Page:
Most other red plants require at least high light levels and a decent spectrum (more red/blue) for stronger coloration. These are plants that are generally reddish to start with, but grow much redder depending on how heavily red/blue shifted the light spectrum is and often require quite a bit more light than the average tank to color up optimally. Examples: Rotala macrandra & its many variants, Ludwigia senegalensis, Althernanthera reineckii, Didiplis diandra, Persicalaria 'Sao paolo' (purplish)
Then there is the group of plants that show redder pigmentation due to Nitrogen limitation/low nitrate growth conditions (which delays the development of chlorophyll). This category of plants grows significantly redder when deprived of nitrogen Examples: Rotala rotundifolia red and its many variants (Rotala colorata, H'ra, Yao yai, etc), Ludwigia arcuata, Ludwigia brevipes, Hygrophila araguaia, Hygrophila pinnatifida, Limnophila aromatica/hippuroides (topside). Many other plants that are partially red will have larger red portions under limited NO3 as well; Eriocaulon quinquangulare, Trithuria lanterna. However, most of these plants also color up better when exposed to high PAR and stronger red/blue spectrum. So having not too lean water NO3 levels in the water column, coupled with good lighting is somewhat of a middle ground that is easy to hit for many tanks.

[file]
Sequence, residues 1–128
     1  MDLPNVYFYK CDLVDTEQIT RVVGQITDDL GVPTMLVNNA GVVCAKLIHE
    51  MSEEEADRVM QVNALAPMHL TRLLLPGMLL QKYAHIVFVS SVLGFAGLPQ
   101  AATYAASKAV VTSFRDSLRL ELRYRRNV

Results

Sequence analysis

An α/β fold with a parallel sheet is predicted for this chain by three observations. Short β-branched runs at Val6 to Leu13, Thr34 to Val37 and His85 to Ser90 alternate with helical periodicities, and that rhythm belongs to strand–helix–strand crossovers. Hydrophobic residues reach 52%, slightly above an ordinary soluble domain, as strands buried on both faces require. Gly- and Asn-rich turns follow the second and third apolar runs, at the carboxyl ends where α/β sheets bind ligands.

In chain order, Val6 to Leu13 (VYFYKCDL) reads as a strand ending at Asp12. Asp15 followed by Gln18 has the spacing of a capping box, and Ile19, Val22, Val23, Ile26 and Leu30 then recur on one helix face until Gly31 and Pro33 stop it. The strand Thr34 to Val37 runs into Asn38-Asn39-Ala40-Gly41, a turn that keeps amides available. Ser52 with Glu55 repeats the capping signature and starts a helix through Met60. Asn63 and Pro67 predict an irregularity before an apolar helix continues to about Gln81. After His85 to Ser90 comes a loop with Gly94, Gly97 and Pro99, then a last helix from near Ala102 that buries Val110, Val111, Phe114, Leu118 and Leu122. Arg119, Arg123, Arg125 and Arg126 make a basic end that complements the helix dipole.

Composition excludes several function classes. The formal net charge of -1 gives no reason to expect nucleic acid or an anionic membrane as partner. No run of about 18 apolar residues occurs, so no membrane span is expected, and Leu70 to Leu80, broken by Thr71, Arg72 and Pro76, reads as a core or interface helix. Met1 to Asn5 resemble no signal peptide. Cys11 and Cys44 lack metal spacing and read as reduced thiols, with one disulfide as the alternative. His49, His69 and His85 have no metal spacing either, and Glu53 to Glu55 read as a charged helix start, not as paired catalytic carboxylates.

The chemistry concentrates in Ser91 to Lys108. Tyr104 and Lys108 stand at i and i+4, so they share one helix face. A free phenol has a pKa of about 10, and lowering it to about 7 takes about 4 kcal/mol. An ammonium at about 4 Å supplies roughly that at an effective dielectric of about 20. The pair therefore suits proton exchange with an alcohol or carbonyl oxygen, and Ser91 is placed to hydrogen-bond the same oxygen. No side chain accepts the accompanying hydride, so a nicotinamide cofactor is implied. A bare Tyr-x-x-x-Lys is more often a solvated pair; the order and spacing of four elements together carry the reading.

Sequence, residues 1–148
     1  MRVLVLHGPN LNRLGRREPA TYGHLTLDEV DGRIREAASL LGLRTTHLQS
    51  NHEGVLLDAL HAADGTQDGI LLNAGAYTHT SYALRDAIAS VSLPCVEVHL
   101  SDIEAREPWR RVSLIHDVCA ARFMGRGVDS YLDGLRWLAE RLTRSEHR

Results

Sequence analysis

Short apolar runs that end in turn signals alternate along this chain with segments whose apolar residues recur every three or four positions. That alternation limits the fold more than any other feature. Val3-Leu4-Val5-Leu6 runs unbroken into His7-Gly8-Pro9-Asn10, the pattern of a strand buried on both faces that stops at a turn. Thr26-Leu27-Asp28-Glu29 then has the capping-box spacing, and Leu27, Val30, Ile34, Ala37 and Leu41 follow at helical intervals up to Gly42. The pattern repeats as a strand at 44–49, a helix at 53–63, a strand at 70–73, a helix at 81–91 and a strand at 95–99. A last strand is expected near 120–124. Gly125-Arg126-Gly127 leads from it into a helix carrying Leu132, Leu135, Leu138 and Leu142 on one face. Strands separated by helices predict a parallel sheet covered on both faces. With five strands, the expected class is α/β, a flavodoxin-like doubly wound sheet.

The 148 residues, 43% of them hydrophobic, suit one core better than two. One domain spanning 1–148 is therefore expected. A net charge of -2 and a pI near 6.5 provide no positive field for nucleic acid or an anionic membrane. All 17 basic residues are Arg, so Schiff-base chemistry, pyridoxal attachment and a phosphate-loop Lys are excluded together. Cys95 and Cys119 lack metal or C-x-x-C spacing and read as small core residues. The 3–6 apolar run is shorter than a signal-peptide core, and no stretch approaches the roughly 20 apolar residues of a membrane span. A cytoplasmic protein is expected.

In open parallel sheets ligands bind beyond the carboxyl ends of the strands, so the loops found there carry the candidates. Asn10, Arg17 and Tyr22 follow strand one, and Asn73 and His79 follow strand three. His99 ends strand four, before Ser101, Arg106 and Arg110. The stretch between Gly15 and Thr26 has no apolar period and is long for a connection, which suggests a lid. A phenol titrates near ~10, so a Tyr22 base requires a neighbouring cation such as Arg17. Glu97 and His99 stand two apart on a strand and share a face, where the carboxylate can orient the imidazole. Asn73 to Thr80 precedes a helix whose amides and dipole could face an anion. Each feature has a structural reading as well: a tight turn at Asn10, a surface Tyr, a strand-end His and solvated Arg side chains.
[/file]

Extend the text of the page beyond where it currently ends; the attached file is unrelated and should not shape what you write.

Certain species such as rotala rotundifolia variants and Ludwigia arcuata only get very red under nitrate limitation and they will not achieve high degree of redness no matter how much light you throw at it without NO3 limitation. If you plan to grow these species to very high degree of redness, planning a tank where the dosing approach is lean as whole works better. This also means avoiding using hungry species that favor higher nutrient levels in the water column in the same tank (they may not grow to be in best form).
Ludwigia arcuata and ludwigia pantanal (left); not the ideal tank partners. Ludwigia arcuata gets much redder with low NO3 levels; whereas Ludwigia pantanal stunts easily if conditions are overly lean. Hygrophila pinnatifida (right) gets significantly redder with Nitrate limitation - otherwise, its a green plant even under higher lighting.
THE LEAN DOSING TANK